• 1. Do the words complained of mean:

    • (a) that the plaintiff was involved in or tolerated serious crime? Answer: Yes.

    • (b) that the plaintiff personally supported anti-Semitism and violent Communist oppression? Answer: Yes.

      • 1. If the answer to 1 or any part thereof is "Yes" assess damages. Answer: £300,000.

The defendant was ordered to pay to the defendant £300,000 together with costs. Notice of appeal was filed on the 26th August, 1997, and the appeal was heard by the Supreme Court (Hamilton C.J., Denham, Barrington, Murphy and Barron JJ.) on the 8th, 9th and 10th December, 1998.

While the plaintiff, a T.D. and leader of a political party, was engaged in negotiations with other parties for the formation of a coalition government, the defendant published a newspaper article about the plaintiff and his party. The plaintiff claimed damages for libel, and alleged in his statement of claim that the article meant that he had, inter alia, been involved in and tolerated serious crime, and that he had personally supported anti-semitism and violent communist oppression, and the plaintiff further alleged that as a result of the publication of the said article that he had been injured in his character and reputation, and that he had been exposed to odium, ridicule and contempt. In its defence, the defendant,inter alia, admitted publication of the article, pleaded that it had a meaning other than that pleaded by the plaintiff, denied that the article bore the defamatory meanings pleaded by the plaintiff and in the alternative, pleaded fair comment. The action came on for hearing before the High Court (McCracken J. and a jury), which jury was discharged following publication of an article by the defendant which could have misled or confused the jury. The plaintiff's action came on for hearing a second time before the High Court (Moriarty J. and jury), which jury failed to reach a verdict. The plaintiff's action came on for hearing a third time before the High Court (Carney J. and a jury), which found for the plaintiff and awarded £300,000 damages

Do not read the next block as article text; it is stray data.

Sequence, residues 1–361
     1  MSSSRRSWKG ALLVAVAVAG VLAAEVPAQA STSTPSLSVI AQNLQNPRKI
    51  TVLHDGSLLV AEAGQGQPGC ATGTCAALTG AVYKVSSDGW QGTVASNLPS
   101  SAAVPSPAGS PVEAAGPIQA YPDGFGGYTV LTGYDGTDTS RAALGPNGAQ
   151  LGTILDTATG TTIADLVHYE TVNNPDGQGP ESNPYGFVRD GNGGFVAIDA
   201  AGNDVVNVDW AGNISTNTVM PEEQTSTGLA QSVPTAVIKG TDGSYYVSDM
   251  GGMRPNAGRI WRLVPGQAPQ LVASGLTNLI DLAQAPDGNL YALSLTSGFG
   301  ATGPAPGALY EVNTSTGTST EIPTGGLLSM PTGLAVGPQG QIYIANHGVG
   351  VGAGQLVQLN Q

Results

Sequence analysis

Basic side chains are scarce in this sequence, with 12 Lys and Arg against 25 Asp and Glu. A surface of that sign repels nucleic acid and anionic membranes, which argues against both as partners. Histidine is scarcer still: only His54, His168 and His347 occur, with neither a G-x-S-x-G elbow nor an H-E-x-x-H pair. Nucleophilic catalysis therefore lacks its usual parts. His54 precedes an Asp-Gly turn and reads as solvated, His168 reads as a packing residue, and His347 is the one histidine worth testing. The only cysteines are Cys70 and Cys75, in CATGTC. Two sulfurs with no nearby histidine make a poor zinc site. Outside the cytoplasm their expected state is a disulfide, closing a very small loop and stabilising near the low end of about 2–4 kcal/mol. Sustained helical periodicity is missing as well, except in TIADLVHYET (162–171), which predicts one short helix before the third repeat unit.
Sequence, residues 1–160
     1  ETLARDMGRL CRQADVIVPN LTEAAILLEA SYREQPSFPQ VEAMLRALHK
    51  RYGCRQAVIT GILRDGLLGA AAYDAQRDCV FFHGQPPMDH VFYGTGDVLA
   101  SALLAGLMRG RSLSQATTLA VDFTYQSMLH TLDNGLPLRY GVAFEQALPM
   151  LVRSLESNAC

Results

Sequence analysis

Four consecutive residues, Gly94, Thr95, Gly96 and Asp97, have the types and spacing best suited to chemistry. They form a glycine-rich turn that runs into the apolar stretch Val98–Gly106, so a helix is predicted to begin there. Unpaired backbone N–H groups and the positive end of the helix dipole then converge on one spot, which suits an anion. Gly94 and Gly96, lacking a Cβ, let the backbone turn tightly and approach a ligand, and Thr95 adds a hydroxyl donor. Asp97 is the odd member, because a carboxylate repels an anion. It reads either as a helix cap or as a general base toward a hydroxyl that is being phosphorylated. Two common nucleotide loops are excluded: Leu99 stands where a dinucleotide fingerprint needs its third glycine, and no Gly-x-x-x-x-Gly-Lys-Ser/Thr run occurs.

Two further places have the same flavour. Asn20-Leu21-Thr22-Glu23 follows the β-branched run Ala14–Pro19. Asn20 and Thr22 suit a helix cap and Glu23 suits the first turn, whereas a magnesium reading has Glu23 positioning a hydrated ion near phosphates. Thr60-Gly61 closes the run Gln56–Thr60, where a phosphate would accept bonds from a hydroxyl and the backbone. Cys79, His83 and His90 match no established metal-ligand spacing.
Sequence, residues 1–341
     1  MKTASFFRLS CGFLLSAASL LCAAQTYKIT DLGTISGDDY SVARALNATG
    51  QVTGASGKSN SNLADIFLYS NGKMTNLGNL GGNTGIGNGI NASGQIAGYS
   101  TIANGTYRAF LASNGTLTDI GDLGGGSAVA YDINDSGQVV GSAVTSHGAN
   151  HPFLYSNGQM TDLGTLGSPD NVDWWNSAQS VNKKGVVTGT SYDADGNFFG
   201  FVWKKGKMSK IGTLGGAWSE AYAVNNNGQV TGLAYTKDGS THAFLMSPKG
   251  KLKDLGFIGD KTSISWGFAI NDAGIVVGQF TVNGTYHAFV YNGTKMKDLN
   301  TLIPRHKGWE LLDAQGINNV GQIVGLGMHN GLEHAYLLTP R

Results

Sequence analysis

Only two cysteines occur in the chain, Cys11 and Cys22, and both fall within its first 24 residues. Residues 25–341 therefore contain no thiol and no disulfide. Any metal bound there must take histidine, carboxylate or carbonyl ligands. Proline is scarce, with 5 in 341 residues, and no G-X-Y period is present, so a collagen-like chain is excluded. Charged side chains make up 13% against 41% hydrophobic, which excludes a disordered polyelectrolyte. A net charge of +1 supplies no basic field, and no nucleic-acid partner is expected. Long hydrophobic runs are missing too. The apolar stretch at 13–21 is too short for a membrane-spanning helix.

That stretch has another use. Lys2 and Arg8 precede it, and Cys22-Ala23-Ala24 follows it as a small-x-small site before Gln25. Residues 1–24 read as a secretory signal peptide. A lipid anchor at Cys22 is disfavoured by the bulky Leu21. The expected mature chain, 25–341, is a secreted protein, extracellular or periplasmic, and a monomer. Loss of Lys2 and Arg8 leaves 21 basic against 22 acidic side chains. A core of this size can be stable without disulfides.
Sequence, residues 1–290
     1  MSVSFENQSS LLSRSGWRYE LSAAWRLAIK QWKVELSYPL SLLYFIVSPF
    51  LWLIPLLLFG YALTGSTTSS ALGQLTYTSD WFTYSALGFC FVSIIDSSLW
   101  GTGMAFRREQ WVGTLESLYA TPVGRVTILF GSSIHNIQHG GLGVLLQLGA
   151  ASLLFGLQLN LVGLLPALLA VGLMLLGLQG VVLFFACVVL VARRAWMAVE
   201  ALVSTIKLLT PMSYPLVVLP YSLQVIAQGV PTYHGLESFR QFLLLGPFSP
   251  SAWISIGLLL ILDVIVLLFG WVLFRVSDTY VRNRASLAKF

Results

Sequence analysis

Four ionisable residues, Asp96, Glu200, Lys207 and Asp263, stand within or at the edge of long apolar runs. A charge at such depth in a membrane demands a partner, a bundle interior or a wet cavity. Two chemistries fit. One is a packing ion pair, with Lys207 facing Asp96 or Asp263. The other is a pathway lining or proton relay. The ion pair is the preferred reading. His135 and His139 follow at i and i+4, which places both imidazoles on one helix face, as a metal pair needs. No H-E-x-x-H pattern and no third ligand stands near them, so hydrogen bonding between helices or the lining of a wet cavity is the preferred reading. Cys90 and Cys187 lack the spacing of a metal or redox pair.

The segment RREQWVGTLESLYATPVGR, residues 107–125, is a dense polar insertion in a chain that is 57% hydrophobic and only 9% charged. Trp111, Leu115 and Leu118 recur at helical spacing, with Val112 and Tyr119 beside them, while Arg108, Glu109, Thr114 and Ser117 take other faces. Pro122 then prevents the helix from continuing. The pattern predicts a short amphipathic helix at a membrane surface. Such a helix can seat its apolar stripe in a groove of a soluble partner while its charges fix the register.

The defendant appealed to the Supreme Court.

Held by the Supreme Court (Hamilton C.J., Barrington, Murphy and Barron JJ.; Denham J. dissenting), in dismissing the defendant's appeal, 1, that the assessment of damages in a defamation action in the High Court was a matter for the jury. They should base their assessment entirely on the facts as found by them. Figures awarded in other cases based on different facts were not matters which the jury was entitled to take into account.

Barrett v. Independent Newspapers Ltd. [1986] I.R. 13followed.

2. That it was not necessarily fair to compare awards for damages for loss of reputation to damages for personal injury, as compensation by damages for loss of reputation operated as a vindication of the plaintiff to the public and as consolation to the plaintiff for a wrong done and not as a monetary recompense for harm which was measurable in money.

Broome v. Cassell & Co. [1972] A.C. 1027 andUren v. John Fairfax & Sons Pty Ltd. (1966) 117 C.L.R. 118 followed.